Last harvest — Development ends four generations of Issaquah farmers
July 8, 2014
By Peter Clark
Issaquah lost one of its last working farms June 30.
Up on Vaughn’s Hill, south of the Klahanie neighborhood, four generations have owned and operated the self-sustaining McBride Farm since 1891. Age, skyrocketing property taxes and nearby development caused the family to vacate the 660-acre section of land at the end of June, bringing an end to one of the final remnants of Issaquah’s rural past.
During the final week on the land, Celia McBride, the youngest of the landowners to still live on the parcel, joined her extended family to pack up the equipment and memories left by a long legacy.
“It’s hard to leave the compound behind because there’s so many memories,” she said. “It’s just been a really fun way to live.”
With the help of cousins Pat Busby and Alex Otero, they plotted the history of the farm from when Mahlon Eastlick married Abigail Vaughn and bought the original plot of land from the railroad at the end of the 19th century.
Their daughter Helen married an Irish immigrant named Frank Keegan and took over the farm, and they had seven daughters of their own. Those seven daughters had many children of their own, including McBride, Busby and Otero.
The rolling land, with wetlands on either end of the current property line, helped the lineage grow small orchards of apple, pear and cherry trees along with livestock.
“There were six or seven cows — we sold the cream to the dairy in Issaquah,” Busby said. “A lot of milk came out of here.”
An earlier, simpler time
Four sets of families made their living there and survived off the land.
“It was a self-sustaining farm,” McBride said. “We had our own eggs and our own cows. Even when we lived here, we never went to the store.”
McBride arrived on the farm with her mother and father in 1959. She said her grandparents had trouble managing the daily work, so her family moved back onto the land to help.
“There were only three families in the area at the time,” McBride said, casting a glance across the green field, hidden from the creeping development by stands of tall trees.
She shared many memories of an earlier time, riding horses down the road to their nearest neighbors, milking cows in the morning and making ice cream in the summer.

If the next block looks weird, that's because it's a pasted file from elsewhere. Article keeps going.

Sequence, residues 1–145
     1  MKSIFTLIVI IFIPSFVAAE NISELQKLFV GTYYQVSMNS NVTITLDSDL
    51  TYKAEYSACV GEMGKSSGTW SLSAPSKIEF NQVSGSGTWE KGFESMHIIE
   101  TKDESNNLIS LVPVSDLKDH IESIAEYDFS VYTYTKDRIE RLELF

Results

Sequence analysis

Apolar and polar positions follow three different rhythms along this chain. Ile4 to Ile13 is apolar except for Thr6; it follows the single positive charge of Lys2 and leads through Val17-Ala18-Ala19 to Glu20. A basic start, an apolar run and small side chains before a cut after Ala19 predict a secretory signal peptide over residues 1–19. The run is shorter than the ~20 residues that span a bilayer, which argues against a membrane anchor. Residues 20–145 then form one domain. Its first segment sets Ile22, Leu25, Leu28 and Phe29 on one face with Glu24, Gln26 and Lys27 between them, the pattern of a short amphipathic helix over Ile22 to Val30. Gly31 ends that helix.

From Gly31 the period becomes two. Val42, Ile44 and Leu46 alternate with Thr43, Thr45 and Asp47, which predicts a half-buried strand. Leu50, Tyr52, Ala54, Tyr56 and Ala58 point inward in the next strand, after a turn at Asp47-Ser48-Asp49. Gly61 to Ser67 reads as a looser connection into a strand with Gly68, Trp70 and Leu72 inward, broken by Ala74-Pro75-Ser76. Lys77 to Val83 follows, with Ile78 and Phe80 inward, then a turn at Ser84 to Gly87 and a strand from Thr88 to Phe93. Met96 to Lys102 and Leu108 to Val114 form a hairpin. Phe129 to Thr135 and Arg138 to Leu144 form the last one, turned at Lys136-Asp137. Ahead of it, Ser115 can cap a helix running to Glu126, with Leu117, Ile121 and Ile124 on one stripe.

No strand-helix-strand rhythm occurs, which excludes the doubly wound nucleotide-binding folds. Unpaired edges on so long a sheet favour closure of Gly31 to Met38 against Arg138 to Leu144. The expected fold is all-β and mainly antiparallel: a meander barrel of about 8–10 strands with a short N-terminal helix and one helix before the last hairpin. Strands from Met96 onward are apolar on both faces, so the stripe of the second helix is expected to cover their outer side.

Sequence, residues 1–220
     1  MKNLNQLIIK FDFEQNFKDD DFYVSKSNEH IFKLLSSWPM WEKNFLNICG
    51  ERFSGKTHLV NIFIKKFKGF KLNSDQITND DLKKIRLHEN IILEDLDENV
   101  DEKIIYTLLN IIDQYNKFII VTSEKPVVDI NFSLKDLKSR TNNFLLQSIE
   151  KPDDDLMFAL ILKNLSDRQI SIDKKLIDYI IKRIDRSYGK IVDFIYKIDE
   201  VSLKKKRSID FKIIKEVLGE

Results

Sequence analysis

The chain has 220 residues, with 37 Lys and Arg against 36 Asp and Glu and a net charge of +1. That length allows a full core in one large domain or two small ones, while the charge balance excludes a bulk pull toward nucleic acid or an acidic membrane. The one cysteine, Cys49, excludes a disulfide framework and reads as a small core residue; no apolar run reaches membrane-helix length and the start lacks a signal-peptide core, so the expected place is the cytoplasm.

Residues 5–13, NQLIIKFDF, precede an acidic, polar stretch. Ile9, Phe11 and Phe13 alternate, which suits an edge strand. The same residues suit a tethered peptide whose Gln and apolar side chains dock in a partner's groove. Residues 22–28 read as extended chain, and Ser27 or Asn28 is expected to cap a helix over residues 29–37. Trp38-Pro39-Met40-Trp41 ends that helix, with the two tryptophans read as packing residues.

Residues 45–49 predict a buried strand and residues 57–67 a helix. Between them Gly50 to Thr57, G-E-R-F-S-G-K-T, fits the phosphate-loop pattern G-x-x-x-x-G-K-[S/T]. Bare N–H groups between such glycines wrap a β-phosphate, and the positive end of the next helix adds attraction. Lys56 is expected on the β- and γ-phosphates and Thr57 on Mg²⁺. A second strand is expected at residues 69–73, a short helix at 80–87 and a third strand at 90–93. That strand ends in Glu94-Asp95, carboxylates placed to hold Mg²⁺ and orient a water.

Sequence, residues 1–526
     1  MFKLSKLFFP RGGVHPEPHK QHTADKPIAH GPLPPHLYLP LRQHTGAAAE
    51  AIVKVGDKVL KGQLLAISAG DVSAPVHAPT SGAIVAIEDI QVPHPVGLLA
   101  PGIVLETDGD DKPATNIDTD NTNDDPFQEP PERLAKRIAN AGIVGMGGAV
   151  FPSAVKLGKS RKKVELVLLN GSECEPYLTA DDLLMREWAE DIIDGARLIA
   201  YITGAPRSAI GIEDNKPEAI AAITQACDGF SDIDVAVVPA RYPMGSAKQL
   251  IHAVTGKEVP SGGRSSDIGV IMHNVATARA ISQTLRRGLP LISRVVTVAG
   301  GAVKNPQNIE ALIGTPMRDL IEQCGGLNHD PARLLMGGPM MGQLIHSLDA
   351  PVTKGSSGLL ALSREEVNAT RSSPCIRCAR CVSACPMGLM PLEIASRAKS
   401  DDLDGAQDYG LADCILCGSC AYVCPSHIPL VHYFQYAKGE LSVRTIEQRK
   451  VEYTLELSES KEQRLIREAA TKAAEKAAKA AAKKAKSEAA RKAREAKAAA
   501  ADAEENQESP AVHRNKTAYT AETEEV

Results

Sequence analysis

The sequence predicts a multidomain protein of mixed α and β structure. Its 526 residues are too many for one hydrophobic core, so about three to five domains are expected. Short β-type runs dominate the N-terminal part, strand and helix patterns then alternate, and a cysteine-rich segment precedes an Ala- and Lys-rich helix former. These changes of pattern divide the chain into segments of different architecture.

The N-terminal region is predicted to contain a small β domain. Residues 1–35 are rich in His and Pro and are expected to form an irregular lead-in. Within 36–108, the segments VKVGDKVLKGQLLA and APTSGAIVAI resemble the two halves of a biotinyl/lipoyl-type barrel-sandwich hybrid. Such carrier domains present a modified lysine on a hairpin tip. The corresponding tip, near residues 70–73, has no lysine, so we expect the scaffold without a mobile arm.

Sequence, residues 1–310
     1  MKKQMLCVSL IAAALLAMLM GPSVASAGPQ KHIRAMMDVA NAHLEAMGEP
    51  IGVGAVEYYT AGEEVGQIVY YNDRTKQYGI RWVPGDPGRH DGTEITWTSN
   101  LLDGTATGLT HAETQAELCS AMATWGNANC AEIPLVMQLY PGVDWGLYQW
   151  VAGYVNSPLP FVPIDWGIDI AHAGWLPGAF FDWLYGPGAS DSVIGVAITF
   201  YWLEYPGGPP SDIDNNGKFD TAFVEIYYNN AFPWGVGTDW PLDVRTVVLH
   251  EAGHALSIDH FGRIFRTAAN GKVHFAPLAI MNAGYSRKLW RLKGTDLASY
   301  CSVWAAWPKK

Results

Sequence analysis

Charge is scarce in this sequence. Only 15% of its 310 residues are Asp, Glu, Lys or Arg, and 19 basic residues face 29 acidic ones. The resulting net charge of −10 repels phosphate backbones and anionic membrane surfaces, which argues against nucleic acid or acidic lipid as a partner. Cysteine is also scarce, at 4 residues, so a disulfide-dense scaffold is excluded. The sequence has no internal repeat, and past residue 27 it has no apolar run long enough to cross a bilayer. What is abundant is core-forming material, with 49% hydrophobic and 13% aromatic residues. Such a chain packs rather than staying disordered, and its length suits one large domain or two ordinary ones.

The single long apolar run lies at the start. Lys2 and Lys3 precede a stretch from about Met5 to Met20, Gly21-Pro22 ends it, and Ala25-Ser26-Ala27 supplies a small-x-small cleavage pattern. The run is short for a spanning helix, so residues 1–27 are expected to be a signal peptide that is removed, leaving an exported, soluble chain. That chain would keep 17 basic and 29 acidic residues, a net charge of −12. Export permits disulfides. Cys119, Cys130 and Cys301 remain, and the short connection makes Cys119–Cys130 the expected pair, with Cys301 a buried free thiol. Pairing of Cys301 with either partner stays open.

Eventually, she moved away and began a life of her own, but ended up returning to help her parents manage the land in the 1990s. She lived in her own house on the property and maintained the remaining plants and livestock, which included chickens up to a few weeks before the move.
As families split and parents died, the original acreage was divided between the children, many of whom chose to sell their land. Only 12 acres remain of the original 660, but it still was enough to bring the family together often.
“This was the hub,” Busby said. “The birthdays, the Christmases — any celebration, we had it here.”
Population boom strikes a blow
Because of that, the farm left an impression on the family.
“My whole life, all I can remember here is gardens,” Otero said, casting an arm over the gravel driveway that leads from Southeast 48th Street to the main house.
Though his close family never lived on the farm for an extended period of time, he spent several years living there with his grandfather and grandmother Keegan in the 1970s.
“I can only think there was 4,000 people in Issaquah at that time,” he said.
Life there continued with relative stability until the population boom of the 1980s brought change.
“The farm just kind of petered out as the development began,” McBride said, referring to the build out of the Klahanie area in 1985.
Of course, the construction didn’t stop there. Residential neighborhoods sprang up to surround the farm, leading to complaints about noise from the animals and financial concerns.
“The property taxes became outrageous,” she said. “My dad got older, my mom got tired and now the land is going to be a development.”
A bittersweet change
No one in the family stepped up to take over the farm. McBride admitted it would not really be tenable with the amount of the property taxes.
“It’s hard,” Busby said of living the farm life. “Most people will tell you that if you grow up on a farm you want to go to work for someone else.”
McBride’s mother, one of the seven Keegan girls, died in February. That left McBride alone, caring for her aging father along with the farm. She then made the decision to sell off the property.
She said the area will turn into 37 houses, resulting in an almost complete development of the land.
“The wetlands get to stay because you can’t screw with the wetlands, thank goodness,” McBride said.
She will move to Carnation, and she greets the life change with bittersweet resignation.
“Nobody wanted to leave, but it’s not the home we had,” she said. “It’s kind of a fish out of water thing.”